- Conduct the Viscoelasticity lesson: Students are introduced to the concept of viscoelasticity and some of the material behaviors of viscoelastic materials, including strain rate dependence, stress relaxation, creep, hysteresis and preconditioning.
- Conduct Part 2 of the activity: Students measure the creep time demonstrated by the silly putty they made in Part 1 to explore the role of borax in the formation of silly putty and quantitatively understand how its concentration alters material properties.
For more information, refer to the Background section in the Viscoelasticity lesson.
Before the Activity
- Gather materials and make copies of the Creepy Silly Putty Data Analysis Worksheet.
- (optional) During Part 1, use the four slides of the Making Silly Putty Instructions PowerPoint file to guide students on how to make the silly putty. During Part 2, use the four slides of the Creepy Silly Putty Experiment Instructions PowerPoint file to provide guidance on how to measure the creep time of silly putty.
- With the class, conduct the Introduction/Motivation section of this activity.
- Divide the class into groups of three students each.
With the Students: Part 1 — Making and Playing with Silly Putty
- Have each group collect two containers, three spoons and three plastic bags.
- Make: In one container, mix 1 ounce warm water with ¼ teaspoon borax.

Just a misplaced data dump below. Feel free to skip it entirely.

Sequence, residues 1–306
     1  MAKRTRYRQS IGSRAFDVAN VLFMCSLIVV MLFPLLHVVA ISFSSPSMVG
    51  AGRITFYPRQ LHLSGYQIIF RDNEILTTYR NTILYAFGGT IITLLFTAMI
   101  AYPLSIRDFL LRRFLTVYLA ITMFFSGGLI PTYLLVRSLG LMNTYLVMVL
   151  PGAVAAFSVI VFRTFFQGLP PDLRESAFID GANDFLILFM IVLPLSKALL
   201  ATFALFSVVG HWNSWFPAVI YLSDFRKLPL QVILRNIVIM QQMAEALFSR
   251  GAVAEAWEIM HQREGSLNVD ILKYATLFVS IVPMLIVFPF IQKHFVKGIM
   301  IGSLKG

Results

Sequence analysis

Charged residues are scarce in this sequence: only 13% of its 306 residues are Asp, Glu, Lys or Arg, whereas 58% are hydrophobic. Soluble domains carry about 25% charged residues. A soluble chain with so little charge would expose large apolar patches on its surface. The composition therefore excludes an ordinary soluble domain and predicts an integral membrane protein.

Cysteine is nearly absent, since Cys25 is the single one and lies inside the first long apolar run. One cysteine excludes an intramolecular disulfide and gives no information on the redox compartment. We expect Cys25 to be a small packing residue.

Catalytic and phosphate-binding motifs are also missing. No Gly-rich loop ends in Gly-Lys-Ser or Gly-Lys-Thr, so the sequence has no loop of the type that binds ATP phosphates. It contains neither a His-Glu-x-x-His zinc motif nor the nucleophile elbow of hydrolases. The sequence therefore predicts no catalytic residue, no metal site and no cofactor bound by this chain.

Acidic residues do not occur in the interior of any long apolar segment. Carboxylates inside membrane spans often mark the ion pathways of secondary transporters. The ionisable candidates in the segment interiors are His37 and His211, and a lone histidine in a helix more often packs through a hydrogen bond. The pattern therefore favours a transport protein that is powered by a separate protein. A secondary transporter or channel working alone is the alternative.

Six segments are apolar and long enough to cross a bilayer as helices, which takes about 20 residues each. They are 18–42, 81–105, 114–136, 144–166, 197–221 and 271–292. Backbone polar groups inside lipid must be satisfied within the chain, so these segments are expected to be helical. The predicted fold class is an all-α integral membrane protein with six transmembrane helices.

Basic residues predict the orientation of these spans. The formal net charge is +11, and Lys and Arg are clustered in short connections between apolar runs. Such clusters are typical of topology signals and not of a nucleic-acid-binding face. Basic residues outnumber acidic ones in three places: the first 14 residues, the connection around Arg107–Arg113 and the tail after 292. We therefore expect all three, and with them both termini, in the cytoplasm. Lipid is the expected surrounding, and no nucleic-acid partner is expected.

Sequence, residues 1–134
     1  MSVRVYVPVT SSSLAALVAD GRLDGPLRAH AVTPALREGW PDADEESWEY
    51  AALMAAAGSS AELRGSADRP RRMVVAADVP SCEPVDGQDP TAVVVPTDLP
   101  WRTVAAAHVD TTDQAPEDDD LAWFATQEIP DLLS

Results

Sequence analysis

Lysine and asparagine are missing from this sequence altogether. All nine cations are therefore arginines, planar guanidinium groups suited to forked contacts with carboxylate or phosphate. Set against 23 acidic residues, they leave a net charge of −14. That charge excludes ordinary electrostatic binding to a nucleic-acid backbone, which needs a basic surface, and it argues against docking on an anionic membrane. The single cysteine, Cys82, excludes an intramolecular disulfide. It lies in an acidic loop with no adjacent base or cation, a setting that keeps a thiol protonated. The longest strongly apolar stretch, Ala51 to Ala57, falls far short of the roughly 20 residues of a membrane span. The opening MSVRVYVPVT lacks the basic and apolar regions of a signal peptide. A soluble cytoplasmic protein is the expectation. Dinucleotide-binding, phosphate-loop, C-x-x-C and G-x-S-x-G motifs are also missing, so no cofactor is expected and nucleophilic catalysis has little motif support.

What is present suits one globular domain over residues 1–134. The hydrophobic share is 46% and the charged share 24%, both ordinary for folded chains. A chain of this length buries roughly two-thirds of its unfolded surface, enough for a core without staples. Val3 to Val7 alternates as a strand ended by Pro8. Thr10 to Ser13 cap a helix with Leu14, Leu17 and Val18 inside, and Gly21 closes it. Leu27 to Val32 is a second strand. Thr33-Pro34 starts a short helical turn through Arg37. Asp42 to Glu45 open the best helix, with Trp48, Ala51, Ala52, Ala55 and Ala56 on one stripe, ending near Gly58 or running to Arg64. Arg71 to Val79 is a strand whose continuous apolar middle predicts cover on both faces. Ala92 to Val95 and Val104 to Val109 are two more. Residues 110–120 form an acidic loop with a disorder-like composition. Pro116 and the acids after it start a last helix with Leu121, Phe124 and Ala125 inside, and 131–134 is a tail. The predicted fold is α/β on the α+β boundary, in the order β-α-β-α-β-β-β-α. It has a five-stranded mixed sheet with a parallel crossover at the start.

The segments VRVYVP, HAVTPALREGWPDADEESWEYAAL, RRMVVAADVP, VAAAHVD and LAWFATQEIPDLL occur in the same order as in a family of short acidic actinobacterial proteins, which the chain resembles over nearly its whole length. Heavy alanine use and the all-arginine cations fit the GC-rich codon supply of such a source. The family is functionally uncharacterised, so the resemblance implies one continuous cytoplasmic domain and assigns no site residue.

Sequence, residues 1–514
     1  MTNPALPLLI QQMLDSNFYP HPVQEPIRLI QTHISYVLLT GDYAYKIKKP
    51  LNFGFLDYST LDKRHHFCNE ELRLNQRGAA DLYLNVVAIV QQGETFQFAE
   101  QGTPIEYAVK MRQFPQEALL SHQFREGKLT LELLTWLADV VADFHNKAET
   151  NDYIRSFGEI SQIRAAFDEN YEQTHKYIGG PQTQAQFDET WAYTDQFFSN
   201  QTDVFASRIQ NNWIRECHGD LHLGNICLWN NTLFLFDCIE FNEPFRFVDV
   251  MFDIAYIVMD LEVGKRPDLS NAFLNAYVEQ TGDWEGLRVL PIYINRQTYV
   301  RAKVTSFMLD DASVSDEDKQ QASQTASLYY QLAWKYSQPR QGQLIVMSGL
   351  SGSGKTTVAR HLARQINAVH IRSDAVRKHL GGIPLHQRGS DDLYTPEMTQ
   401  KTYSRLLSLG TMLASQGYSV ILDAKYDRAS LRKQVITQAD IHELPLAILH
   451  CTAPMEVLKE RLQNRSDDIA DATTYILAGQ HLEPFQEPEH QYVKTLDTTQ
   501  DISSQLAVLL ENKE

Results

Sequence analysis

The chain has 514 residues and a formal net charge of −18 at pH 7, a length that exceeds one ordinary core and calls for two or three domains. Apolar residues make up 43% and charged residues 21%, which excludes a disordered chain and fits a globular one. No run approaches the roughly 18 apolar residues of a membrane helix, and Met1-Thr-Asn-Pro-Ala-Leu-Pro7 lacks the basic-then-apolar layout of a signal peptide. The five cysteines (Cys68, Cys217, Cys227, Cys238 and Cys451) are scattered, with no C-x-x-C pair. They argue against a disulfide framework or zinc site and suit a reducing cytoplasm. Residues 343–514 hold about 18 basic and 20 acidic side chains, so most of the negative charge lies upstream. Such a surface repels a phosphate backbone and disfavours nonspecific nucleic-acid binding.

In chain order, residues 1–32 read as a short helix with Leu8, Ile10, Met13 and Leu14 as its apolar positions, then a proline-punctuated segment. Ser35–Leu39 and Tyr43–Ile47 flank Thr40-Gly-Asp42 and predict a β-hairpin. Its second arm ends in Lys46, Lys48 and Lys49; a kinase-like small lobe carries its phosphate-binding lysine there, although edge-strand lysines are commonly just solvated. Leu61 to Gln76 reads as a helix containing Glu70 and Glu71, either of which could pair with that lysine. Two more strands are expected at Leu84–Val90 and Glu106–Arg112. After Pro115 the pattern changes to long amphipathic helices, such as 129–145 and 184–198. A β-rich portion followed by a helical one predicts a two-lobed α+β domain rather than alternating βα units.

- In the other container, mix together 2 ounces glue and 2 ounces warm water until you have a uniform consistency and color. (It is important that this solution be uniform, with no areas of excess water, or it prolongs the mixing time in step 5.)
- While stirring, slowly pour the borax mixture into the glue mixture. Be sure that all of the borax is transferred into the glue solution.
- When the solution starts to thicken, mix with your hands instead of the spoon. Continue to mix until a uniform solution is achieved and NO water is present.
- Store in a plastic bag labeled: low concentration.
- Thoroughly clean both containers and discard the spoon.
- Repeat steps 2–7 two more times, with 1 teaspoon borax (medium concentration) and 2 teaspoons borax (high concentration), respectively.
- Make sure all bags are labeled with the concentration level and your team name.